For much of the period following Russia’s invasion, the Biden administration has hoped to deal Moscow a strategic defeat in Ukraine. It has believed Washington can not only block Putin’s bid to seize Kyiv and end Ukraine’s NATO aspirations, but also impose such economic misery that Russians will come to rue the invasion, China will think twice about invading Taiwan, and a Putin successor will ultimately be compelled to reapproach the West seeking forgiveness.
Such hopes are fading by the day. Russia’s economy is in greater danger of overheating from accelerated military production than strangulating from lack of trade. China now has a case-study of how to cope with sanctions. And the failure of Ukraine’s counteroffensive to break through Russian defenses has made it apparent that the most Washington can hope for on the battlefield is a bloody stalemate.
Recalibrating our hopes on a long-term stalemate would be a grave error, however. It’s true the front lines have not moved substantially over the past year. But by the metric of how many soldiers and munitions each side can send into battle, Ukraine is losing the war. With a population less than a quarter of Russia’s, suffering from large battlefield losses and millions of refugees, Ukraine has stark disadvantages waging a war of attrition. Western armament production is lagging far behind that of Russia and its partners, and the Gaza conflict is multiplying competing demands.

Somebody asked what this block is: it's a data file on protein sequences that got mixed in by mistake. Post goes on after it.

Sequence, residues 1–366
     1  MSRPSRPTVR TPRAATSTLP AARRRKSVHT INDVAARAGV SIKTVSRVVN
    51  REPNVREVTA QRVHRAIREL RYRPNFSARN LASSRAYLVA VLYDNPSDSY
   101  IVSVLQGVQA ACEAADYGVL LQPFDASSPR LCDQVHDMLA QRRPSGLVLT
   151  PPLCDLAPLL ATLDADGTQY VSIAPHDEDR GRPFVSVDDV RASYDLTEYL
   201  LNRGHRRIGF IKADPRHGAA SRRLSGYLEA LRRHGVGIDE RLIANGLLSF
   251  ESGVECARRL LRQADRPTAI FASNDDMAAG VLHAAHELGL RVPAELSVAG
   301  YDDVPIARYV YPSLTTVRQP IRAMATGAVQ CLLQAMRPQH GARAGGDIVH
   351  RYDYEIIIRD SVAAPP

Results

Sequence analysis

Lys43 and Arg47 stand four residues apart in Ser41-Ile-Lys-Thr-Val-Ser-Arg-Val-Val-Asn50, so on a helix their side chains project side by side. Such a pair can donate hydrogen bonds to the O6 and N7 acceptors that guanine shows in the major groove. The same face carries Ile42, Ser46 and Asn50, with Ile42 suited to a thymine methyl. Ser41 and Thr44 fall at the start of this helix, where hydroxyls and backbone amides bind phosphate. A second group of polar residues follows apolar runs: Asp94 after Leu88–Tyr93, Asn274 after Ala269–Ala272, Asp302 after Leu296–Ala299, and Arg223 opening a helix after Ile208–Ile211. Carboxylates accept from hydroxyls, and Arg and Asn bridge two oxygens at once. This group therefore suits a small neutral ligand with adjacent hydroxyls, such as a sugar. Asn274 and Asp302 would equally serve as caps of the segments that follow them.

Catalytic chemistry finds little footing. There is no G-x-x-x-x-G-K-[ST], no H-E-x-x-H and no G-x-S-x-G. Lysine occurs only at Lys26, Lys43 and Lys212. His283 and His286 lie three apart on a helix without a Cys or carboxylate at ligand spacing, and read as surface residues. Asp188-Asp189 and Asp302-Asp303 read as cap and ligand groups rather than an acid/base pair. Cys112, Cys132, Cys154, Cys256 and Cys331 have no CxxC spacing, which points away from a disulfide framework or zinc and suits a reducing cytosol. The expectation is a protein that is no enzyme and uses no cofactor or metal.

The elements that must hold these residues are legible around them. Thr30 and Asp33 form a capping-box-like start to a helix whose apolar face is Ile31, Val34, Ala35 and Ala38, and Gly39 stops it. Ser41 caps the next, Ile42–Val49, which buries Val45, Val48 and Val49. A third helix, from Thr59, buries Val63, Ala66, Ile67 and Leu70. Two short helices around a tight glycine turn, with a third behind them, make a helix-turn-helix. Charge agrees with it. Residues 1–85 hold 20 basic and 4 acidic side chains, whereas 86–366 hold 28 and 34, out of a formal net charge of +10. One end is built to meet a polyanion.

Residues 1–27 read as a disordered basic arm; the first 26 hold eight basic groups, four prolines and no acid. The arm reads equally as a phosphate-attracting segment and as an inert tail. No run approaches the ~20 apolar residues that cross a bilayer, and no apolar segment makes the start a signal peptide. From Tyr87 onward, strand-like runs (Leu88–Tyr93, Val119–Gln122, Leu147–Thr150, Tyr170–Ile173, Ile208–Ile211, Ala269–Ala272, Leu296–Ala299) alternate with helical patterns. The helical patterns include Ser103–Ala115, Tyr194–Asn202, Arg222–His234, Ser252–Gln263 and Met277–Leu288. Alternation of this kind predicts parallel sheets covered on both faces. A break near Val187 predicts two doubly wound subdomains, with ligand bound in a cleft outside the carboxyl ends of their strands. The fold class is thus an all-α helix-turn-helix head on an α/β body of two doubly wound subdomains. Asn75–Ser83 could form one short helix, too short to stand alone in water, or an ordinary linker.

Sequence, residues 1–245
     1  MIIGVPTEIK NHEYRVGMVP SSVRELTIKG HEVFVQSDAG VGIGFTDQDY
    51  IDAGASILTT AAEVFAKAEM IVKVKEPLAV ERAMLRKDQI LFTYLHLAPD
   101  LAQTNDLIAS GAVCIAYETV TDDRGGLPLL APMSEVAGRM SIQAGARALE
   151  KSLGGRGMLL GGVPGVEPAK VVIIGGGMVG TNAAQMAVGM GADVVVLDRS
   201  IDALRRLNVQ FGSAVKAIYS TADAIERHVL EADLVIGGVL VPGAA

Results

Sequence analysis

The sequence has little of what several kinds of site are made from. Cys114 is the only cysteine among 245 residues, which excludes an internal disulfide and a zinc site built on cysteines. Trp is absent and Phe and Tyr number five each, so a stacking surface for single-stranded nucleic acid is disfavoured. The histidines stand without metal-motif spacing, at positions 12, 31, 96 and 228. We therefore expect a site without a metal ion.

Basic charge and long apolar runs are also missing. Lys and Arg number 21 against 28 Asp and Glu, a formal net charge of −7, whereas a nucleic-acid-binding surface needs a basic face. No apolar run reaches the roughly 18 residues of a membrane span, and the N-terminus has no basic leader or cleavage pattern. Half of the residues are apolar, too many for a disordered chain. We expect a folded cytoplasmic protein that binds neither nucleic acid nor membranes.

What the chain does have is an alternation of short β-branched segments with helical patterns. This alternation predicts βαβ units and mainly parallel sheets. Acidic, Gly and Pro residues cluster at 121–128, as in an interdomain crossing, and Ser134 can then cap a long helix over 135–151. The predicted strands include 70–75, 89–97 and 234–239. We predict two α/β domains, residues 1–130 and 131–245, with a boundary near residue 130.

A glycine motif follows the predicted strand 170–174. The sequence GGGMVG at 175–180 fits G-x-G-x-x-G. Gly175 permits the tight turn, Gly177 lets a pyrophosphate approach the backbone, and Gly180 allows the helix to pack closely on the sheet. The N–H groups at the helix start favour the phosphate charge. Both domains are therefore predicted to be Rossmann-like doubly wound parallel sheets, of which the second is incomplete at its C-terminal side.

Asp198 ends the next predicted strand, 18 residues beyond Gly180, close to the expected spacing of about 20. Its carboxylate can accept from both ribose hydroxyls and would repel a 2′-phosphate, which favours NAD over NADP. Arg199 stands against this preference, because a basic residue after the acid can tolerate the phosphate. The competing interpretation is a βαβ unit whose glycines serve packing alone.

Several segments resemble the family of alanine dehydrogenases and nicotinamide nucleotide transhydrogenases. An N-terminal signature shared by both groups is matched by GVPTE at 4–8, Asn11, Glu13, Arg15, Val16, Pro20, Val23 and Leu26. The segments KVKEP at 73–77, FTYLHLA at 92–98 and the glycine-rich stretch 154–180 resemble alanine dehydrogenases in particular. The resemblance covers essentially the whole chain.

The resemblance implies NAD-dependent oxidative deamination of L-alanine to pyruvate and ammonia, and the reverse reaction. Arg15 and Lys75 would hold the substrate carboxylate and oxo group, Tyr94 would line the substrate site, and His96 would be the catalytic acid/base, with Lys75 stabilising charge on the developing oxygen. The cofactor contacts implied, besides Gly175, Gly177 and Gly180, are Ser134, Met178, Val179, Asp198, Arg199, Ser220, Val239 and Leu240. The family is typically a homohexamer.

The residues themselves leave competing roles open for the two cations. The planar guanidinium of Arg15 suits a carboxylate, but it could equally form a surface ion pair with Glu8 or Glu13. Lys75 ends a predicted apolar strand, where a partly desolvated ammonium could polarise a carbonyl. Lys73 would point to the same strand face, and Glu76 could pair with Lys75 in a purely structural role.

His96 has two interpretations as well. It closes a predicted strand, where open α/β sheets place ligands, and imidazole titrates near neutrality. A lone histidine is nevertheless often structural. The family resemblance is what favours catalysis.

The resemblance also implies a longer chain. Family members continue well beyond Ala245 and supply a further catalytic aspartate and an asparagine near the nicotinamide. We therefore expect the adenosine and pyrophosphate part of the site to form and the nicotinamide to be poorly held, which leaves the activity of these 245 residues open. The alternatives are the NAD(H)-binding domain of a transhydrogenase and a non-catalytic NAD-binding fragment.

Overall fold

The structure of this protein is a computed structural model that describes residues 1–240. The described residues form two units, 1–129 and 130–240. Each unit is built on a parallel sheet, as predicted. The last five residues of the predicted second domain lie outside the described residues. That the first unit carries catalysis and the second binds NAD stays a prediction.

Even if the West sustains current levels of military and economic aid – far from a certain prospect – Ukraine will grow weaker the longer the war continues. Even if the frontlines stabilize, few donors will invest the hundreds of billions of dollars needed for Ukraine’s economic reconstruction if it must occur under the constant threat of Russian missile and drone barrages. Absent reconstruction, only a small fraction of Ukrainian refugees will return home; without robust repatriation, Ukraine will over time look more like a failed state than a fortress state.